Culture, Social Interaction, and Mathematics Learning

By Pourdavood, Roland; Carignan, Nicole et al. | Focus on Learning Problems in Mathematics, Spring 2005 | Go to article overview

Culture, Social Interaction, and Mathematics Learning


Pourdavood, Roland, Carignan, Nicole, Martin, Belvia K., Sanders, Michael, Focus on Learning Problems in Mathematics


Abstract

The research report investigates connections between five 3rd garde students (one African American boy, one African American girl, one Caucasian girl, one Asian boy, and one Middle Eastern boy) belief, attitudes, and practices about mathematics and their parents' expectations. In addition, the study examines the relationships between the social interaction of these five students on mathematics learning and their mathematical dispositions. In search of a viable understanding of the above situations, constructivist inquiry was used. In this paper we discuss students' attitudes and beliefs towards themselves and towards mathematics, parents' expectations, classroom social norms and sociomathematical norms, and the teacher's role for establishing classroom culture.

Culture, Social Interaction, and Mathematics Learning***

In any culture, people share language, place, traditions, and ways or organizing, interpreting, conceptualizing, and giving meaning to their physical and social world. National Council of Teachers of Mathematics (NCTM, 2001a) acknowledges the importance of culturally relevant mathematics by stating that "social condition, social tradition or culture, and social goals influence student learning ... However, a student's social traditions or culture may either coincide or conflict with classroom norms for student activity, student conduct, and student-teacher interactions" (p. 7). In the case of conflict between a student's culture and classroom social norms, the student may or may not accept the classroom social norms and may or may not be able to adapt to the school environment. Therefore, that conflict may impact the student's learning mathematics. On the other hand, a sensitive teacher may observe the student's cultural patterns and develop activities that accommodate the student's learning. In this type of situation, the student and the teacher come to a mutual understanding and agreement. NCTM (2000a, 2000b, 2000c; 2001a, 2001b, 2001c) suggests recognizing and valuing students' cultural heritage significantly influences students' mathematical learning.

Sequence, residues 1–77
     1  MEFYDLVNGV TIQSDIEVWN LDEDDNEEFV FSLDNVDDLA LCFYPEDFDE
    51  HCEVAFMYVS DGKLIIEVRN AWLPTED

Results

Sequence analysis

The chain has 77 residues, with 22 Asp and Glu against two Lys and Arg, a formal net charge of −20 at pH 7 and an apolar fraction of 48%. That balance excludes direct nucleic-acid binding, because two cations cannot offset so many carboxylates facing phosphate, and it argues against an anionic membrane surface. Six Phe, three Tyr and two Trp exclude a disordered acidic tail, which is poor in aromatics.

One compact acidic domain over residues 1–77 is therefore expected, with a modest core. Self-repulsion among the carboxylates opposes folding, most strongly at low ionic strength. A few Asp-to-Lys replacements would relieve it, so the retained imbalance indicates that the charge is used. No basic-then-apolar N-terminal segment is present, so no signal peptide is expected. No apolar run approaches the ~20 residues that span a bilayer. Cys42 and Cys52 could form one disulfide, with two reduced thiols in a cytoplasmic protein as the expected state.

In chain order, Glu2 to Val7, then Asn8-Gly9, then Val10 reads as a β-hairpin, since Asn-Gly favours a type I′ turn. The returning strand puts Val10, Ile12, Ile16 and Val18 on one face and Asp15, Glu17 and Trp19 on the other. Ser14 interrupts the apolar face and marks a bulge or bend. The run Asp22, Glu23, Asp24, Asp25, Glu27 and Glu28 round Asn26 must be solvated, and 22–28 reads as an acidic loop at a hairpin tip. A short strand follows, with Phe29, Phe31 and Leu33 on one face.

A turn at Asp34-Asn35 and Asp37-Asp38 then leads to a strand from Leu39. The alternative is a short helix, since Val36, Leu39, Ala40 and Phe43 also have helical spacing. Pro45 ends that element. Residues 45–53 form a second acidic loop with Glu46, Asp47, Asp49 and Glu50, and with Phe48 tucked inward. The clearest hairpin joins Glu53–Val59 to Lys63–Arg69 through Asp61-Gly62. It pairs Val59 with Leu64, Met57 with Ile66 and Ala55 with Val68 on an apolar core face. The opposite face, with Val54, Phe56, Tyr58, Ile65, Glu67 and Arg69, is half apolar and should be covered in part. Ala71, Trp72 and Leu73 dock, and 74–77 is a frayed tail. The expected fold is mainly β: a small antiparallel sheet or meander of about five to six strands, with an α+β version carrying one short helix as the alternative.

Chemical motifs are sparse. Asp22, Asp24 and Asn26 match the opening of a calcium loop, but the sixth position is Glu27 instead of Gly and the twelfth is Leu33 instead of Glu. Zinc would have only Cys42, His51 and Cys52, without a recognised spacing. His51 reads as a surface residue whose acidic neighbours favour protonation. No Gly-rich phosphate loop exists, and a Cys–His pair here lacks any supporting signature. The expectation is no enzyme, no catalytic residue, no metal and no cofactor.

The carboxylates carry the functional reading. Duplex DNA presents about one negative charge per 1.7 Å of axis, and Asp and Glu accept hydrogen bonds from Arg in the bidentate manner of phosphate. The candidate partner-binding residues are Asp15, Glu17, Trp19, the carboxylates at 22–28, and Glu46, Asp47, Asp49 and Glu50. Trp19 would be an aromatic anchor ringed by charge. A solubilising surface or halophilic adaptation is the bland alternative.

In this study, we use social interaction to mean norms and values negotiated and established implicitly and/or explicitly by the members of a local community (i.e., teacher, students, and parents). In this sense, understanding students' backgrounds is crucial for mathematics teaching and learning. As D'Ambrosio (2001) observed, "An important component of mathematics education today should be to reaffirm, and in some instances to restore, the cultural dignity of children" (p. 308).

There is a body of research focusing on the notion of ethnomathematics. According to this perspective, contributions made by people from various non-European cultures (i.e. Arabs, Asians, Hispanics, African Americans, etc.) for mathematics advancement have not been given the attention they deserve (Ascher, 1994; Bishop, 1991; D'Ambrosio, 2001; Frankenstein, 1995; Nunes, 1992; Orey & Rosa, 2001; Secada, 1992; Zaslavsky, 1973). Zaslavsky (1973) asserted that the study of ethnomathematics would benefit all students who "learn to respect and appreciate the contributions of peoples in all parts of the world" (p. 309).

This research study focuses on five 3rd grade students' (one African American boy, on African American girl, one Caucasian girl, one Asian boy, and one Middle Eastern boy) beliefs and practices towards mathematics learning as they interacted with each other in problem solving, reasoning, communication, and mathematical representations. In addition, the study explored their parents' beliefs and values about education and attempted to examine the relationship between parents' expectations of their children's mathematics education and students' mathematics learning.

The five students were selected within a larger classroom community of 28 students. They had been working together from the beginning of the school year and were comfortable expressing their feelings and views among themselves.

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